Where to spend your money on your Wedding

Where to splurge and where to save of course has to do with your priorities, but in the end, it’s usually a good use of funds to splurge on items that guests will notice the most and save on the elements that won’t get that much attention or won’t be missed. Some ideas:

Flowers

Splurge

  • Table centrepieces. Guests look at them for about an hour.
  • Mothers’ and grandmothers’ corsages. These women have earned a little special treatment.
  • Your bouquet. It’s going to be in a million pictures.

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  • Altar arrangements. Most churches are already beautiful and all eyes will be on you two anyway.
  • Use in-season stems.
  • Men’s boutonnieres. Flowers for men. Need we say more?

Attire

Splurge

  • Wedding-day jewellery. This you can wear again and even pass down to your sister, daughter or daughter-in-law one day.
  • Shoes. Do you really need an excuse?
  • Your dress, if it means a lot to you

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  • Your dress, if you see it as important but something you’re only going to wear once
  • His ensemble. Rent if it’ll be a tux or buy a gorgeous new suit he can wear again.

Food

Splurge

  • Hors d’oeuvres. They’re a lot of handwork and require waitstaff to pass, but they make a first impression and guests will be hungry when they dig in.
  • Dishes that mean a lot to you or your fiancé. Whether it’s duck that you fell in love with at the tasting or a sentimental fave if there is a food that will make or break the meal for you, go for it.
  • If you’re having a bar, have it. You don’t have to go ultimate top-shelf quaffs or pour exotic sake (or even have two kinds of gin, for that matter) but this is not the time to serve off-brands and well liquor.

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  • Dessert. You’re serving cake, aren’t you?
  • Multiple entrées. Choose a crowd pleaser and work out a vegetarian offering and you’re set. This is a dinner party. How many entrées would you offer in your home?
  • The bar. If you don’t have a big-drinking crew or your wedding reception is taking place in the afternoon, skip the alcohol and offer fun punches, juices and other bevs instead.
  • Very few people are going to notice or care if you serve cava or prosecco rather than vintage champagne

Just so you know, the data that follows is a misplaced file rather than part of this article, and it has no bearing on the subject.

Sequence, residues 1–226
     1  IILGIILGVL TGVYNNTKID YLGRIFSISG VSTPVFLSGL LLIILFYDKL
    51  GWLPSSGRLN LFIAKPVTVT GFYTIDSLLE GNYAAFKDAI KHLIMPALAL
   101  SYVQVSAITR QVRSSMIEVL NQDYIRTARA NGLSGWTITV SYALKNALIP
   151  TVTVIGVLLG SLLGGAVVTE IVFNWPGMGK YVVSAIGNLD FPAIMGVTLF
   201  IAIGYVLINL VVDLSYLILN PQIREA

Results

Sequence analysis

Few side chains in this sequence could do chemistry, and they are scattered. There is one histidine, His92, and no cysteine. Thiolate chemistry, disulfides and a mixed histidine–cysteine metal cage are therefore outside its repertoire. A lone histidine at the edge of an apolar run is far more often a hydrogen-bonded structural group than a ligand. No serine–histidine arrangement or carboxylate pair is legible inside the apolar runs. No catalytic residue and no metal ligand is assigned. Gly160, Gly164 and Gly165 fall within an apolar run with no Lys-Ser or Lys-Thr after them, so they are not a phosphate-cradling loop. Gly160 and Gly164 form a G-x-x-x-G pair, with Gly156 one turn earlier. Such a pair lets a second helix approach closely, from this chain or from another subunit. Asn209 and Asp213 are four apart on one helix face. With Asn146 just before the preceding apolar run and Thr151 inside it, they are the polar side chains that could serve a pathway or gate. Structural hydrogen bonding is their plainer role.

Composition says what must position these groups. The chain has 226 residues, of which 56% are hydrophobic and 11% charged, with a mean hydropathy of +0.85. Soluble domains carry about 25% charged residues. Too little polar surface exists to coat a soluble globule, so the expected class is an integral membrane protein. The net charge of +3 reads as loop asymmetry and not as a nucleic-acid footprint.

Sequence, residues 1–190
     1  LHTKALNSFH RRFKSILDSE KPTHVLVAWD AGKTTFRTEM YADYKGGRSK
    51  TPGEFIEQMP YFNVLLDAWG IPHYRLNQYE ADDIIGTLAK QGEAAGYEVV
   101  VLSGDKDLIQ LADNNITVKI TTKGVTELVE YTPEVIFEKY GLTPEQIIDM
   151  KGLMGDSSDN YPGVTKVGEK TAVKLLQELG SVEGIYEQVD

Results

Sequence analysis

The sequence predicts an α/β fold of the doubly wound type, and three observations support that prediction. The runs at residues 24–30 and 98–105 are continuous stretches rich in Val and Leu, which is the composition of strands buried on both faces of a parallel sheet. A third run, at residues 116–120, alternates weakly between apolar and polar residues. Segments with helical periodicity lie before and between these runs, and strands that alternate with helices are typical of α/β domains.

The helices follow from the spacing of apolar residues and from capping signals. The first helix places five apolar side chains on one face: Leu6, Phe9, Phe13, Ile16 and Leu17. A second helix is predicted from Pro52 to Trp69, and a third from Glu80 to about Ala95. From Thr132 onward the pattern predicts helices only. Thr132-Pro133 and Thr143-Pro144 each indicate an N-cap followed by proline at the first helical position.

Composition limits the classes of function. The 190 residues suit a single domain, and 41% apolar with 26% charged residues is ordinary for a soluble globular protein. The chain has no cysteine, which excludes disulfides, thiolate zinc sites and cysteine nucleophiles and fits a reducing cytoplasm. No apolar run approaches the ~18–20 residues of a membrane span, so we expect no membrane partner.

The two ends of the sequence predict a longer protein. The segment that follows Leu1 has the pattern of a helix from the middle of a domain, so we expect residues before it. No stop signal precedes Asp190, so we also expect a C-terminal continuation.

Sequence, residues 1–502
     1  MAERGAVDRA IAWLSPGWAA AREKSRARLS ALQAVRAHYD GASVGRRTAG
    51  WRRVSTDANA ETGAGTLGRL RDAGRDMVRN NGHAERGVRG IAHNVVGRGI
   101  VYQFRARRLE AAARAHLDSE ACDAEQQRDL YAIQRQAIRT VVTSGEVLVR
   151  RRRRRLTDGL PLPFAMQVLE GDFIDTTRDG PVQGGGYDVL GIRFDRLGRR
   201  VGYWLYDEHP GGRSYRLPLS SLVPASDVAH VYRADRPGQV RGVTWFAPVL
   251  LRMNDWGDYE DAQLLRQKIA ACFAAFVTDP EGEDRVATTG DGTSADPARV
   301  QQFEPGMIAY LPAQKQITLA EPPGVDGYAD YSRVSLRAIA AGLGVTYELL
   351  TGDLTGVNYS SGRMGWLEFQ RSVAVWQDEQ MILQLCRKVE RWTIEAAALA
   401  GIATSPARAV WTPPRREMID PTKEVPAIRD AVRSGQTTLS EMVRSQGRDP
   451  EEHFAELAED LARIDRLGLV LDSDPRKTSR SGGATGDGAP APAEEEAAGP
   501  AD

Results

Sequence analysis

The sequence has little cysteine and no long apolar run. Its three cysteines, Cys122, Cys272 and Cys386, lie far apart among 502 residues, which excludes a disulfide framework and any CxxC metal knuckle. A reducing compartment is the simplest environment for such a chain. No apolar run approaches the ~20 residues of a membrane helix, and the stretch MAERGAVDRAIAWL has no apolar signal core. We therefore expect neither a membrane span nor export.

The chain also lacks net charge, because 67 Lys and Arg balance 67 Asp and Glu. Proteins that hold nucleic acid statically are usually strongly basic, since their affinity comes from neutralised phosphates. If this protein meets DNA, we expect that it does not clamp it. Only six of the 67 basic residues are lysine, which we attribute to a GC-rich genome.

Wedding budget plan

Music

Splurge

  • Reception entertainment. You’ll listen to your band or DJ for three or four hours. Book someone you love.

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  • Ceremony music. An organ and a soloist are all that most religious ceremonies need, and recorded music works nicely in most outdoor settings.
  • Though you should love your band, just how many horns do you need in the brass section?

Miscellaneous

Splurge

  • Hospitality suite for out-of-town guests. Giving out-of-towners a central place to gather if there is downtime between your ceremony and reception or when they all arrive the day before the wedding is a much appreciated gesture. It will also make it easy for you to say hello to many of your guests all at once.
  • Welcome packet. Suggestions about local points of interest, restaurants, drugstores, etc., will only cost you some time and will show guests you’ve thought about their needs. Print it all up and put it in their rooms before they arrive.
  • Photography. It lasts. Longer than a lifetime. And it can record all of the pieces of the day that you spent so much time putting together. Get it right!

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  • Calligraphy for escort cards. Just pick a bridesmaid or two with good handwriting and knock them out one afternoon.
  • Favours. Unless you’ve got something really specific to you as a couple or your wedding theme, just skip them and spend the money on upgrading the bar.
  • Bigger tables mean fewer tables. Fewer tables mean fewer centrepieces.
  • Daytime and weeknight weddings have price cuts built-in. A Sunday champagne brunch can be an unexpected delight.

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